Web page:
My Love-Hate Relationship with Doha

So this is the story of how I came to Doha for love, hated it, then eventually warmed up to it.

As expats, how did we get here? What was it that made it worth leaving home?

Most of us got here because of a great job opportunity. Some of us were born here and some of us moved here because we were expected to.

I came here for love. After years of heart breaking and bittersweet long distance, I took the leap and got here. At that point, I would have literally moved anywhere. Not to discount decisions made out of pure romantic sentiments, because I maintain that it was the best decision I have made, but after the initial euphoria, it hit me. Where the hell am I?

I knew no one. Going from living with family, then friends, always having surrounded myself with people I love all my life, I found myself having none. No family, no friends. My partner was expected to roll into everything at once. My girlfriend, my shopping consultant, my gossip buddy, my beauty expert. And he did.

He waited patiently and awkwardly outside changing rooms with his thumbs up or down while trying not to offend the women shopping around us. He helped me pick out the right shade of red lipstick (Diva-MAC!) and tried to react enthusiastically to irrelevant gossip.

Not to mention the pressure that was on him to not just be everything I needed him to be, but also be my sponsor, get me set up in Qatar with my residence permit, medical insurance, a home I love and keep me happy. In retrospect, I wasn’t the only victim in the situation. To this day, he is all of this. But I needed another outlet.

Another problem, I knew nothing. To feel at home in a city, you need to know where to go to get things done. You need a tailor, a go-to textile store, a grocery store, a shoe repair guy. Things you don’t find in a mall, but are hidden away in the nooks of the city.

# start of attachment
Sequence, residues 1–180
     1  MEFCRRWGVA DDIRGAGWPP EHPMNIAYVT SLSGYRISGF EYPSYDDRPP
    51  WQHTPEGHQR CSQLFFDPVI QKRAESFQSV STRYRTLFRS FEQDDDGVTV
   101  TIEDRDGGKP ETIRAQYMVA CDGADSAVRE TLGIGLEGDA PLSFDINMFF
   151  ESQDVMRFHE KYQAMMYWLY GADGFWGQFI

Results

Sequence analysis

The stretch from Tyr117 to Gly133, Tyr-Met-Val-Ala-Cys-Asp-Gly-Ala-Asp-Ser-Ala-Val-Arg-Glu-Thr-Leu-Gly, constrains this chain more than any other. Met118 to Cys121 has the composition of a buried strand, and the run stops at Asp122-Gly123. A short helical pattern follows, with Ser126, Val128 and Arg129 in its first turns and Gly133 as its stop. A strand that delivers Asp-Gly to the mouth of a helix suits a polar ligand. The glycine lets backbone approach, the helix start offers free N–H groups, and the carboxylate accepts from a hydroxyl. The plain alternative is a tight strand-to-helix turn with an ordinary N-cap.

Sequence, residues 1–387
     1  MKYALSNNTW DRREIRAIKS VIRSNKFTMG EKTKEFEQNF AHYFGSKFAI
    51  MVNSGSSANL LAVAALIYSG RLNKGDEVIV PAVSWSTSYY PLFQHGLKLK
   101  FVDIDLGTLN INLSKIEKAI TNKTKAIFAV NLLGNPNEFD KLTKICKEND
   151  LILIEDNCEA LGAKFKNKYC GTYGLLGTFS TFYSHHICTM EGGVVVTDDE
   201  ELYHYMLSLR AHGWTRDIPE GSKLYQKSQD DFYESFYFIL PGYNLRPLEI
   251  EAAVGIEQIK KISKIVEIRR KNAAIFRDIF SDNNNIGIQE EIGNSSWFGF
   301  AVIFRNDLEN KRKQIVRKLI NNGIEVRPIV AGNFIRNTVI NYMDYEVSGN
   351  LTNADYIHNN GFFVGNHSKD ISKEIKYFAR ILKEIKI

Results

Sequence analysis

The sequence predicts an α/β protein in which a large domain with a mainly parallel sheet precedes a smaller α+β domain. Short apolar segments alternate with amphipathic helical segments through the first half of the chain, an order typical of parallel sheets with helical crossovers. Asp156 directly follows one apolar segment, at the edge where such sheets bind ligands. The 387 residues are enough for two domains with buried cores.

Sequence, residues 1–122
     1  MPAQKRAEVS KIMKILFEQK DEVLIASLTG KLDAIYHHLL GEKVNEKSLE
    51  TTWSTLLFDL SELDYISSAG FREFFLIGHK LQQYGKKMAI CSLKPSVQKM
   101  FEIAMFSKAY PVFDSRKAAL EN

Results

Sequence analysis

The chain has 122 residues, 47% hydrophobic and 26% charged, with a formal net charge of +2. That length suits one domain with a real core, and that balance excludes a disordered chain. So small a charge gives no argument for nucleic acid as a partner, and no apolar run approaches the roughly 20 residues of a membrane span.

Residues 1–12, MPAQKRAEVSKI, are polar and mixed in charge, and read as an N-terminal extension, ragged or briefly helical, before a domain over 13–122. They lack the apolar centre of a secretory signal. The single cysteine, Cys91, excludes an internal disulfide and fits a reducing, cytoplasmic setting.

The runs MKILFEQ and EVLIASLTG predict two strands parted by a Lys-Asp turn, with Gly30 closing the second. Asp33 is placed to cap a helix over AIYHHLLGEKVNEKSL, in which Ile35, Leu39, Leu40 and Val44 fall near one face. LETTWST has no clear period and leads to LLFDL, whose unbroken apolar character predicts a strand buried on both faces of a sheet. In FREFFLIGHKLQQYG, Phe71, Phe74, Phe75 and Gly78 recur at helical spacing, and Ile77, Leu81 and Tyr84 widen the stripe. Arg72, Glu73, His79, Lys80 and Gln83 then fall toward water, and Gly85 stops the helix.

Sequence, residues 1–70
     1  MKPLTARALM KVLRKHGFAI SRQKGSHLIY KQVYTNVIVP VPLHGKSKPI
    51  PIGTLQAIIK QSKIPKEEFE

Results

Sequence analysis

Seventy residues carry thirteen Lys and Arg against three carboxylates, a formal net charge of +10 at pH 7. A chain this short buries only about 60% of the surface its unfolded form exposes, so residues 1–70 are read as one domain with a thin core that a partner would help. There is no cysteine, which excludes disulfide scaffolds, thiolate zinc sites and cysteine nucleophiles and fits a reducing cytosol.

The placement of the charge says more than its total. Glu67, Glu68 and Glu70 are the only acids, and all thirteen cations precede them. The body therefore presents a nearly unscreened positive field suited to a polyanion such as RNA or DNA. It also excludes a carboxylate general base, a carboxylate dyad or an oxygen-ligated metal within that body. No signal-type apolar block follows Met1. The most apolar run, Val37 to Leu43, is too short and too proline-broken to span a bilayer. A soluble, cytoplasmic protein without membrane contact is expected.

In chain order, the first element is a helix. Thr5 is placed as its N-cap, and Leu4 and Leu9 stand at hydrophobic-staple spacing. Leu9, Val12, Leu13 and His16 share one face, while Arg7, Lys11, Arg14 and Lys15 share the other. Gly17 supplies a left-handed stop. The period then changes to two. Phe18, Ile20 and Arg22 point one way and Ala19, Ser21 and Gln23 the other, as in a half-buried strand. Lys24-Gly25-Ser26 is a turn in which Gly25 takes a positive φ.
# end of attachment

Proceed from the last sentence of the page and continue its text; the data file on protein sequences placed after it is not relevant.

The problem was turf. I wasn’t on my turf; I was living in someone else’s. And for someone who has to be in control of every aspect of my life, this situation wasn’t working for me. I had frequent melt downs when I would blame my partner for getting me to Doha, blame myself for making the decision to move here, indulge in self-pity and wish I was somewhere else. I found myself constantly reminiscing about the past or wishing for a future in which I wasn’t in Qatar. But I was losing out on the present because I wasn’t doing anything to change it.

Four things saved me.

First, I got a job. If you have the option to go out and work, do it. It made a huge difference for me. I was out in the city, meeting people, getting something done. I felt productive and at the end of a day, I had something to say when asked how my day was. There was also the satisfaction of earning a living doing what I love.

Second, I started driving. It’s not like I was under house arrest. I could easily have my partner drive me around or take a taxi. But the sense of independence and freedom you have when you have your own car and the potential to go anywhere at any time is like nothing else.